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techdirections April 2017 : Page 22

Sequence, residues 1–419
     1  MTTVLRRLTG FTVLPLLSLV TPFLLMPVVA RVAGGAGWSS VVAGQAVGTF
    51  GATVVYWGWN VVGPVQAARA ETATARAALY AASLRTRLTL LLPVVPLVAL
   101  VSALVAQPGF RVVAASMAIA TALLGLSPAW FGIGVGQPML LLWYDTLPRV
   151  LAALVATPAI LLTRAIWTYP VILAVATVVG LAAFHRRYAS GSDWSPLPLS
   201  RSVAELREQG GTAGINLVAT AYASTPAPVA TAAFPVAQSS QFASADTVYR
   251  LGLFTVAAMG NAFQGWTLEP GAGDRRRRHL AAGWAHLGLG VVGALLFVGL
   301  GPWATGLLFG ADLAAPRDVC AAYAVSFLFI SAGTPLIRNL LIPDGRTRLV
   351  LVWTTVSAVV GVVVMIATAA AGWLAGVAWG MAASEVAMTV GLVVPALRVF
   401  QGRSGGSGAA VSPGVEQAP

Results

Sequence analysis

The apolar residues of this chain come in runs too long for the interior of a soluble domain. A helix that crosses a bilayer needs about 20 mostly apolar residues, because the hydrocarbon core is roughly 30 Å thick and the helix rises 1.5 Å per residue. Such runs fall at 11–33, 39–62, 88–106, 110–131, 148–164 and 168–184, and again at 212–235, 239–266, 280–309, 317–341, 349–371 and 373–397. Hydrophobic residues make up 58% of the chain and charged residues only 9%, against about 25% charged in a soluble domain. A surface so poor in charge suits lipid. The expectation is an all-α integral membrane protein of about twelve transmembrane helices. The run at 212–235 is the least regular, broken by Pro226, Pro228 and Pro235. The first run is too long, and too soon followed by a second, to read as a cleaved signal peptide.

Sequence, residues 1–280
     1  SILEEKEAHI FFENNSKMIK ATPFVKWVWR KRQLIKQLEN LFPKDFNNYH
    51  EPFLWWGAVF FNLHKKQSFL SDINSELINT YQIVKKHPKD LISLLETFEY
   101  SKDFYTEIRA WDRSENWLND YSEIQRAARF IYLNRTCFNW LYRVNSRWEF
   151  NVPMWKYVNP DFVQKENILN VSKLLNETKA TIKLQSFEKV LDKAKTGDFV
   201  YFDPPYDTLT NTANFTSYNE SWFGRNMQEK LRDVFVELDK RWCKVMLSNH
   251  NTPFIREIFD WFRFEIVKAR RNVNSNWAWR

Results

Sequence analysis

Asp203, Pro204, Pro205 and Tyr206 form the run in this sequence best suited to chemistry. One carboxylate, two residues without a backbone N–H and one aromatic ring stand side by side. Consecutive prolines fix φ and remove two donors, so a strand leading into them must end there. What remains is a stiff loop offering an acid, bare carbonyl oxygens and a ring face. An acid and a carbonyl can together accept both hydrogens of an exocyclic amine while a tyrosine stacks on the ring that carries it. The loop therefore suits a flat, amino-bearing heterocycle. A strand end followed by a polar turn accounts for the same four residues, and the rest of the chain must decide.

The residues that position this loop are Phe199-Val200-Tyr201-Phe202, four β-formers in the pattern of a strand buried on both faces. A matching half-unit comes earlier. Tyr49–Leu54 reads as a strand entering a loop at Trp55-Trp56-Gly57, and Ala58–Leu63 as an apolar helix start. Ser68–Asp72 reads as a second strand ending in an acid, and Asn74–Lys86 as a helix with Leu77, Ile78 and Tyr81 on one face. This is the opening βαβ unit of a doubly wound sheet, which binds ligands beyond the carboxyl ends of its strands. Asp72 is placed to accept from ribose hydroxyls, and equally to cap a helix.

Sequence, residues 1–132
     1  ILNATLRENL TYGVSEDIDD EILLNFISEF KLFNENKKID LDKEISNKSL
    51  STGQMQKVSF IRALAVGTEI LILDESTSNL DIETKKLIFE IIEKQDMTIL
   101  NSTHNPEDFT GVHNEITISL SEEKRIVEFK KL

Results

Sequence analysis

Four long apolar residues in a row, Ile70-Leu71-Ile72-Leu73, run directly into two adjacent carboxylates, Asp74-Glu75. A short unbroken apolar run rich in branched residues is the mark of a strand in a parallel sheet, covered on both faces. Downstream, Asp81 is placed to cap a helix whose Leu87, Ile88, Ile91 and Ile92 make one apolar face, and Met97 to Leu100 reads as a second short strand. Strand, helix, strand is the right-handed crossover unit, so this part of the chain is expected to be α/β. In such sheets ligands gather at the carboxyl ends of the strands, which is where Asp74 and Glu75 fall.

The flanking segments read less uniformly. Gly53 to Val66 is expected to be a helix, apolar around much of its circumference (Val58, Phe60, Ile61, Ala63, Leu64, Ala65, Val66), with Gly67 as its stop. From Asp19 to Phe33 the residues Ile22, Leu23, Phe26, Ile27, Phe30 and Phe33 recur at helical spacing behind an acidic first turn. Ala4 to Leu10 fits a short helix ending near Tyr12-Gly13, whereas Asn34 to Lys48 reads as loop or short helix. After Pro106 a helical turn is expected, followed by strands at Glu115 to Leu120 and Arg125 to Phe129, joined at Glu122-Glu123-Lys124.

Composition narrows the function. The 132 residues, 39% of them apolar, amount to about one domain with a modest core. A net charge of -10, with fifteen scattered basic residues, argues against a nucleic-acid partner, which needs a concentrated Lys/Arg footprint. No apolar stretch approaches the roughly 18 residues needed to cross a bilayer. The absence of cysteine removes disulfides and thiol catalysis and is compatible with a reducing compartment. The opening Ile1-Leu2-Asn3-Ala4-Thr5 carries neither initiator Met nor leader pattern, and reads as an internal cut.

Safety Handouts Here’s a link to our safety rules, quizzes, pledge, and lab safety inspec-tion check list: The Safety Pledge is shown below. —Patrick Haley, table Saw Safety After I had a student get injured over 20 years ago on the table saw, I adapted my safe-ty plan to include a tail off person. One person can NOT operate the saw by him-or herself. The operator still has the main responsibilities for turn-ing on and off the saw, making the cut, and pushing it on past the blade to the tail off person. The job of the tail off person is to catch the board being cut but also to make sure the operator does not do anything stupid while operating the saw. For thin cuts we leave the splitter guard on the saw and use a filler piece between the fence and the blade. We may have to raise the inside of the splitter guard so we can get the push stick through but the guard remains in place. This added safety measure has allowed us to go over 20 years without an incident on the table saw. I do not have a SawStop, either. —Mark Barron, Somerset High School, WI tech Ed lab Safety Pledge I have received the SAFETY INSTRUCTIONS regarding the opera-tion of the following power driven machines. I fully understand the importance of these rules and regulations and I am fully aware that the violation of anyone of them may endanger myself and others. My teacher has demonstrated to me the proper methods of using each machine listed below and has pointed out the safety precau-tions necessary to avoid injury. I have demonstrated my ability to use each machine listed below in the presence of my teacher. I understand the safety precautions involved and understand how to insure my safety through the proper use of the machines. I am confident that I can operate these ma-chines safely. When in doubt about the operation of any machine or other equipment, I will consult the teacher before proceeding. Name of each machine to be written in by the student only after he has passed the safety tests and demonstrated his ability to use it. Name of Machine 1 2 3 4 5 6 7 I have passed the tests covering safety in the shop and the use of the above listed machines. I promise to observe the SAFETY INSTRUCTIONS and to follow the instructions given in the demonstration. I may use the machines only after I have been properly instructed in their safe use, and have had the approval of the teacher. I understand that the use of ma-chines in this shop is voluntary on my part. School __________________ Signed _________________________ Student Date ____________________ __________________________ Teacher Date Student’s Signature teacher’s initials Emergency Plan, Fire Extinguisher Practice The students in each section elect leaders, callers, door openers, and runners to the nurse as an emergency plan. They practice the plan three times at the begin-ning of the course. Every class starts out with 100 safety points. The last week before the course ends, the class with the highest amount of safety points above 90 wins the safety prize. The students vote for the prize. Prizes in the past have been an ice cream social, free swim in the school pool, food coupons to the school cafeteria, and roller skating parties. The class that wins is announced on the school television station. Another safety lesson is the actual use of a fire extinguisher. The county and the local BOCES bring a fire box and water re-loadable fire extinguishers. Students are expected to pull the pin, get the correct distance from the fire, and using the PASS system put out the fire. —Victoria Gregory, Afton Central School District, NY if in Doubt, Ask A safety tip I use in the STEM lab is basic: if in doubt, ask. Students will sometimes assume or listen to peers when they should ask the instructor before using a tool, or experimenting with a design. In fact, they should ask for help. “If in doubt, ask”. —Judy Barbour, East Lee County Middle School, NC 22 tech directions ◆ april 2017

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